July 16, 2022
By John Hawkins, president/CEO, Texas Hospital Association
Originally published by the Houston Medical Journal
The passage of time takes the sting out of painful memories. It’s a coping mechanism that allows us to move on from trauma and move forward with hope. As the pandemic moves toward second-page news, it’s hard to recall the early days of intense uncertainty, rapid-fire disease spread, school closures, mixed mask messages, travel bans, hand sanitizer rationing, and an abundance of panic as the country embarked on what we thought maybe a few weeks of turbulence and closures.
Today, things are better, and while we’re grateful to be able to focus on progress, there is much to rebuild.
To learn from our past, we must take a hard look at what happened – and what might have been. The single biggest lesson learned is that hospitals – and hospital workers – were foundational to the country’s overall public health response. To date, some 500,000 COVID-19 patients have been admitted to Texas hospitals. Aside from admitted patients, millions more have been tested, treated, or vaccinated for COVID-19 in hospital outpatient and emergency settings. The critical role of hospitals in a public health emergency response cannot be overstated.
When COVID-19 hospitalizations surged, time and time again, and capacity was bursting at the seams, hospitals were there – for trauma patients, baby deliveries, accident victims – without missing a beat. Hospitals are the bedrock of health for communities, and during the COVID-19 pandemic, that was never more evident. Hospital workers were there while other industries shut down or moved to a work-from-home environment. Regardless of a patient’s ability to pay, federal law requires hospitals to examine all patients and treat any emergency conditions. And the life-saving nature of hospitals prompts them to take all comers.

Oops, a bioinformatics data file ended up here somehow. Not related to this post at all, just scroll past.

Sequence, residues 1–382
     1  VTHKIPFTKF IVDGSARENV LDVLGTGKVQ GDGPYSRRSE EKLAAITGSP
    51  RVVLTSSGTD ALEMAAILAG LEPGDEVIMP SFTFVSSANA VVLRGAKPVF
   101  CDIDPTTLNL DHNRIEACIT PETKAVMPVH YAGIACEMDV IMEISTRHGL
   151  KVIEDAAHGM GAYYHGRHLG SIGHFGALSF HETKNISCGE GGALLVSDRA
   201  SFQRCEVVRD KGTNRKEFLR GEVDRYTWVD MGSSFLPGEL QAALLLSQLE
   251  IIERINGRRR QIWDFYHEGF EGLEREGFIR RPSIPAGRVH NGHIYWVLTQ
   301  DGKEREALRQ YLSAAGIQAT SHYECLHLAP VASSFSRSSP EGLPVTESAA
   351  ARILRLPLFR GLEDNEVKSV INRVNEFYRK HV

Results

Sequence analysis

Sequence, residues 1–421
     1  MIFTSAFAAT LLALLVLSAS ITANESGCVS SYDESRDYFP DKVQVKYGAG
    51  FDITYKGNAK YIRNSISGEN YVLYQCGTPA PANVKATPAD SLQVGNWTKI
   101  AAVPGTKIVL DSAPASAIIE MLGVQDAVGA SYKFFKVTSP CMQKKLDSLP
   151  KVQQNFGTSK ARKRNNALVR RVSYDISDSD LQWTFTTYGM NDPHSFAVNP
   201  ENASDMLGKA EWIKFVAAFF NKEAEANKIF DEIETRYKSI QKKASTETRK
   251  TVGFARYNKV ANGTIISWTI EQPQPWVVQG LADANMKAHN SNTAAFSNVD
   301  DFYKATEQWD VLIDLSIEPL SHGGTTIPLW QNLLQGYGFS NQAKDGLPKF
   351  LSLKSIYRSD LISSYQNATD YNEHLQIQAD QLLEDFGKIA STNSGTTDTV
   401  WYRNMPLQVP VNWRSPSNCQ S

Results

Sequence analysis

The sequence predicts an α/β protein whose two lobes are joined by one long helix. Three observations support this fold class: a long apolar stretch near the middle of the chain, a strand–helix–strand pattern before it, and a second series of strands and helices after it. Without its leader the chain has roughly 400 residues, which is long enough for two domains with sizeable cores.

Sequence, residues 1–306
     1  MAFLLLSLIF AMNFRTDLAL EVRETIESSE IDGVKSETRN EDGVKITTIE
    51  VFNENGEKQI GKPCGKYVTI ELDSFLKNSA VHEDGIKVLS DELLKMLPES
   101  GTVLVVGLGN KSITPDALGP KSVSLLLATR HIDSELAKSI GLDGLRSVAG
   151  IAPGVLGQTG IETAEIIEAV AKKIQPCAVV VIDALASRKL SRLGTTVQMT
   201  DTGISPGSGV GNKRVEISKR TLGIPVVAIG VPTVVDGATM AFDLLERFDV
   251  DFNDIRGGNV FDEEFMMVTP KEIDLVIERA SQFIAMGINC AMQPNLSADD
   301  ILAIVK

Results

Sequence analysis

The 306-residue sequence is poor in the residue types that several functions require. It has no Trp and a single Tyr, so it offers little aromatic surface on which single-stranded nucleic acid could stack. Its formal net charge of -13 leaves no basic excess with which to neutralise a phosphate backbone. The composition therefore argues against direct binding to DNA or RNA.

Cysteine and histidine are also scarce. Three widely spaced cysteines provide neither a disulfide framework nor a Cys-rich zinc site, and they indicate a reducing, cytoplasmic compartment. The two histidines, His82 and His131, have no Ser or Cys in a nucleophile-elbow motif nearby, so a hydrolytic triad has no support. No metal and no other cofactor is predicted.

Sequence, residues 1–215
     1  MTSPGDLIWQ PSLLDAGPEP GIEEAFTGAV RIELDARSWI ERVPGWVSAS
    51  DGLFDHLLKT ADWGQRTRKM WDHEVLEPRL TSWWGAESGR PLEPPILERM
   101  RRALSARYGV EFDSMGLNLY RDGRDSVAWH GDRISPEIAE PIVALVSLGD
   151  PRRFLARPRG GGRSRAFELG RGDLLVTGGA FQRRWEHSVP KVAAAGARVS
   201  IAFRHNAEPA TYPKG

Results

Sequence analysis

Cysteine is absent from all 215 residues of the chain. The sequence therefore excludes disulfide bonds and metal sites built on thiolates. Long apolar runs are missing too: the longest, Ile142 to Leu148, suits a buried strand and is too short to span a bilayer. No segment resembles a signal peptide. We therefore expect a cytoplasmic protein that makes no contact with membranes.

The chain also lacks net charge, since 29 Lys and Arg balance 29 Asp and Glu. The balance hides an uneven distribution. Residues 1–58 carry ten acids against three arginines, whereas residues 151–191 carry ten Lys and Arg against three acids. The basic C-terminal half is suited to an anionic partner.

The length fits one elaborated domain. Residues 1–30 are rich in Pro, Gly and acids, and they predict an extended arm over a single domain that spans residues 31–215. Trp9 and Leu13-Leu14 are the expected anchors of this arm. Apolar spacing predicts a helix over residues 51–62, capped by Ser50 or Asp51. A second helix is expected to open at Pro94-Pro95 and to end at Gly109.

Hospital staff showed up even when personal protective equipment was scarce and their lives were on the line. When Texas leadership announced that every Texan who needed a hospital bed during the pandemic would have one, hospitals were already there, having locked arms with public health officials to prevent illness and be ready.
While totally preventing community spread of COVID-19 was not realistic, hospitals embarked on an unprecedented venture alongside public health leaders to protect as many people as possible, rolling out massive vaccine campaigns, pumping out precaution messages, adjusting service lines to bend to new demands, launching programs to retain and find workers, administering new therapies and keeping the lights on during a time of darkness. The ability of hospitals to continue to perform during the worst circumstances should not be taken for granted.
With the most recent surge behind us, we’re able to examine where we are today. The health care workforce is battle worn, and an entire generation of hospital workers has moved on, burned out, or retired. Today, hospitals have begun to stabilize, but profound income losses persist despite earlier federal and state support. In 2021, U.S. hospitals were on pace to lose $54 billion in net income with 11% lower average margins than pre-pandemic, even after CARES Act payments. Now, halfway through 2022, margins remain cumulatively negative, with higher labor costs, labor shortages, and turnover negatively affecting financial performance, in addition to soaring costs of supplies, medications, and other operating costs.
When we look to the future, we must protect hospitals’ ability to respond to public health emergencies and ensure the Texas safety net is strong. Interim legislative hearings are underway, examining the state’s response and the industry’s use of relief payments. We are calling for additional financial resources and environments that favor our ability to respond and rebuild. We need policies designed to build and sustain a robust health care workforce to provide care for an expanding population. We are calling for strategies to increase behavioral resources across the board, to support efforts to improve vaccination for preventable diseases and to expand health care coverage to ensure Texans are protected.
The pandemic has prompted the hospital industry to double down on its public health role. Hospitals are critical to stabilizing health care for all Texans. We must support our heroic workforce that has proven to be foundational in a public health emergency – and every day.